CARROLLTON, TX - Demand for U.S. apartments stumbled in the first quarter of 2016. The occupied apartment count across the nation’s 100 largest metros climbed at a modest pace of 20,077 units in the first quarter, according to MPF Research, the rental market intelligence division of RealPage, Inc. That figure is less than half the typical demand for 40,000 to 50,000 units seen during the first quarter of the previous few years. Furthermore, quarterly demand in early 2016 fell well short of completions that totaled 65,258 units during the year’s initial three months.
According to RealPage chief economist Greg Willett, “Uncertainty about the nation’s near-term economic outlook appears to be constraining new household formation and demand for all forms of housing. Both rental demand and home sales are coming in at levels below the volumes typically seen when job production is fairly solid. There’s surprisingly little mobility, with many households hunkered down in their current living arrangements.”
Illustrating that limited mobility, the share of apartment renters opting to remain in place when their leases expire is at record levels. Analysis of individual lease transactions shows that 55.1 percent of the apartment leases reaching their expiration point in February were renewed.
Occupancy is Strong but Trending Downward
Demand under early 2016’s completion tally pushed national apartment occupancy down 20 basis points to 95.7 percent during the first quarter.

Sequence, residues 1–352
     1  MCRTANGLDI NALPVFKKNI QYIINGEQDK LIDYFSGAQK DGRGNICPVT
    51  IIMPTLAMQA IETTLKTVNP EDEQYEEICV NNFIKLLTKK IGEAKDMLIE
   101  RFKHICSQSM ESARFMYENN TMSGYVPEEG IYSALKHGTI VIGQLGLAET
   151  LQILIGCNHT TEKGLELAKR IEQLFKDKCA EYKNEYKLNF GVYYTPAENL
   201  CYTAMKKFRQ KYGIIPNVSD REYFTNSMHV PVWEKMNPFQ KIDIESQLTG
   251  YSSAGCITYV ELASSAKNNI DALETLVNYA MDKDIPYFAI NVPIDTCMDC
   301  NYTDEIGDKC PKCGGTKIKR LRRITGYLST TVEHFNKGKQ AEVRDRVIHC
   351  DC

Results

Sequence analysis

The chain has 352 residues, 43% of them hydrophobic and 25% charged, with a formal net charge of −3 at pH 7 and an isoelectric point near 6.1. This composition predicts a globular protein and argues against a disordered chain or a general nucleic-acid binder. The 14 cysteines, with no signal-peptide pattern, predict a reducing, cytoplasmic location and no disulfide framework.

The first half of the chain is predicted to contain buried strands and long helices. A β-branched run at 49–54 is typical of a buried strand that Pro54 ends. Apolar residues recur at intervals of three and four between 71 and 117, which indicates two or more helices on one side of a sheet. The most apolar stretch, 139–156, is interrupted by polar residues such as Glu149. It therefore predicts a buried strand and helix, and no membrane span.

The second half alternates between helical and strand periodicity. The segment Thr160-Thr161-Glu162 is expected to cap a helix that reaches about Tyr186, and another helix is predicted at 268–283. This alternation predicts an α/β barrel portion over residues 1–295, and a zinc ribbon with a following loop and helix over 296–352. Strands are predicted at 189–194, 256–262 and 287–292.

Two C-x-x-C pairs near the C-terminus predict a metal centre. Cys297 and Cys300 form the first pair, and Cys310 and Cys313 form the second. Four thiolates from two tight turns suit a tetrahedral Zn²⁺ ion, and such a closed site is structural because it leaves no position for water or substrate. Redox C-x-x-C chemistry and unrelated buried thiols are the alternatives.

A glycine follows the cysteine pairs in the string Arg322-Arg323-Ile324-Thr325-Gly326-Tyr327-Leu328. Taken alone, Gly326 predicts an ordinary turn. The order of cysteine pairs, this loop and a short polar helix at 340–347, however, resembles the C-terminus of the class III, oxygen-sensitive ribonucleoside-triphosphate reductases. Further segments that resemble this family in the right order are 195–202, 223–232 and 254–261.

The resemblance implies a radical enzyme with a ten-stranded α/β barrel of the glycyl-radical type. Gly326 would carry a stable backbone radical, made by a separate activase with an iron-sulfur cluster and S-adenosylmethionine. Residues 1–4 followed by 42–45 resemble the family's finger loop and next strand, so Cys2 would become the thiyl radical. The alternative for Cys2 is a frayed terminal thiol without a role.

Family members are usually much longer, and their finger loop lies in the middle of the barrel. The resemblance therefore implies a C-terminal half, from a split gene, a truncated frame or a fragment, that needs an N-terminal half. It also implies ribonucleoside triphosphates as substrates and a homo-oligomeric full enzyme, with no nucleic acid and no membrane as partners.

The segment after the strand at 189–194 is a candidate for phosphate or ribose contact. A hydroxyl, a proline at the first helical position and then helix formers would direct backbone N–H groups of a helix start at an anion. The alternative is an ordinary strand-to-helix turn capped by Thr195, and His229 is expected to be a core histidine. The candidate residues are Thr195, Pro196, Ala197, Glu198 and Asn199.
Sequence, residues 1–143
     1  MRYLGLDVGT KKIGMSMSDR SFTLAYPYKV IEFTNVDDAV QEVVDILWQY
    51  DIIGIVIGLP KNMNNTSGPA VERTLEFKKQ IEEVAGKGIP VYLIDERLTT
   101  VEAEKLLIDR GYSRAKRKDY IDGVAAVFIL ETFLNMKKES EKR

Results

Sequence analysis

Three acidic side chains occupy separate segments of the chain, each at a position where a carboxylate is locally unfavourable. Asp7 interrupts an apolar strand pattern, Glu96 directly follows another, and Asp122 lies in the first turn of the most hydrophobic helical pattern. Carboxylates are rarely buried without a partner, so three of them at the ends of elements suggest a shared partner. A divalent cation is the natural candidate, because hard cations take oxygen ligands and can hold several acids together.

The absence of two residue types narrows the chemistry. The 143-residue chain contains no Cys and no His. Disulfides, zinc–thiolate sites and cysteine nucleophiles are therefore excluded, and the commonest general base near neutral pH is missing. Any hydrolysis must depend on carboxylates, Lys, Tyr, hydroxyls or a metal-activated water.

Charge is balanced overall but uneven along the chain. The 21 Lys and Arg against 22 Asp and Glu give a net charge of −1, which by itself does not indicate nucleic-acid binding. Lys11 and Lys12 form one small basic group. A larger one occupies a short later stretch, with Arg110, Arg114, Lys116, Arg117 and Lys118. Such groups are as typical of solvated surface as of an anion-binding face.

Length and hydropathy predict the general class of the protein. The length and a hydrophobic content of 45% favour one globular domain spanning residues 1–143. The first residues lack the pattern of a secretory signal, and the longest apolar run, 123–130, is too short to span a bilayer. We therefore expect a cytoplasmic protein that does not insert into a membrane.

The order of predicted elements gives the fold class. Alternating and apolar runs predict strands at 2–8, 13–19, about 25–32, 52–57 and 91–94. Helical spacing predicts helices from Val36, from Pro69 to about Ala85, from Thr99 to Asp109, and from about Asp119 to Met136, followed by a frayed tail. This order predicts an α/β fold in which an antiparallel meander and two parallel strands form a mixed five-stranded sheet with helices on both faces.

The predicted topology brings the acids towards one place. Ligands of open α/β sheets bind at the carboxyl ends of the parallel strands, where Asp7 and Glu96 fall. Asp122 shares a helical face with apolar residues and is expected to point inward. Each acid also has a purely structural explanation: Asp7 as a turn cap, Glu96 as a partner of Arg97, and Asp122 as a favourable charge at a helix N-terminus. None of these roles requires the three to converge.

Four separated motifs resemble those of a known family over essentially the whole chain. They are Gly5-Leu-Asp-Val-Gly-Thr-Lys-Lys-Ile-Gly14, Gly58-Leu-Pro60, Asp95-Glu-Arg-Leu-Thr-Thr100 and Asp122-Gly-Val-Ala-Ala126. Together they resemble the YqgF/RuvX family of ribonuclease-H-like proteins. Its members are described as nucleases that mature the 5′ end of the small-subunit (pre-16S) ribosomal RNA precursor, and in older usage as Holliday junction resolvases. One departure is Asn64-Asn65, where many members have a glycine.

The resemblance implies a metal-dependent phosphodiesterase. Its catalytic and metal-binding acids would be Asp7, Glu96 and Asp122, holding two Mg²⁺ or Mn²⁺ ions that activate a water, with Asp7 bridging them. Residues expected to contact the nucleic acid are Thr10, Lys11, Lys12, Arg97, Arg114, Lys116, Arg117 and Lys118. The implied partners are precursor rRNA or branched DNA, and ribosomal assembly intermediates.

“Today’s occupancy rate is very tight, but the slight backtracking seen in the first quarter is significant because it runs counter to the normal pattern of seasonality in performance statistics,” Willett said. “Occupancy tends to lose a little momentum at the end of every year and then hold steady or climb a bit at the start of the next year.”
Mild downturns in occupancy occurred during the first quarter across almost all individual metros and across all property asset classes and price points. Thus, the loss of occupancy seen at the beginning of the year wasn’t simply due to the introduction of new properties still in the initial leasing stages.
Rent Growth Remains Robust
Disappointing demand and cooling occupancy in early 2016 didn’t stall the upward trajectory of rents. Pricing for new-resident leases climbed another 0.9 percent during the first quarter, with rent growth proving a little stronger than the rent increases posted in the initial quarters of each of the previous three years.
New-resident rents are up an even 5 percent on an annual basis, with the typical apartment rent across the country’s 100 largest metros reaching $1,260 per month.
Among individual large metros, Portland is again the country’s rent growth leader, with pricing up 11.8 percent annually. The West region continues to account for many of the markets where rent growth is particularly sharp, though rental rates are climbing quite a bit in select other locales like Tampa, Atlanta, Fort Worth, West Palm Beach and Nashville.
Rent growth at the levels seen currently could prove difficult to sustain, given that demand is no longer where it was a bit earlier and that occupancy appears to have already moved past its peak for the cycle. “Our expectation is that rent growth will register near 4 percent during the near term,” according to Willett. “That outlook is a healthy performance relative to the long-term norm, but at the same time well under the increases posted of late.”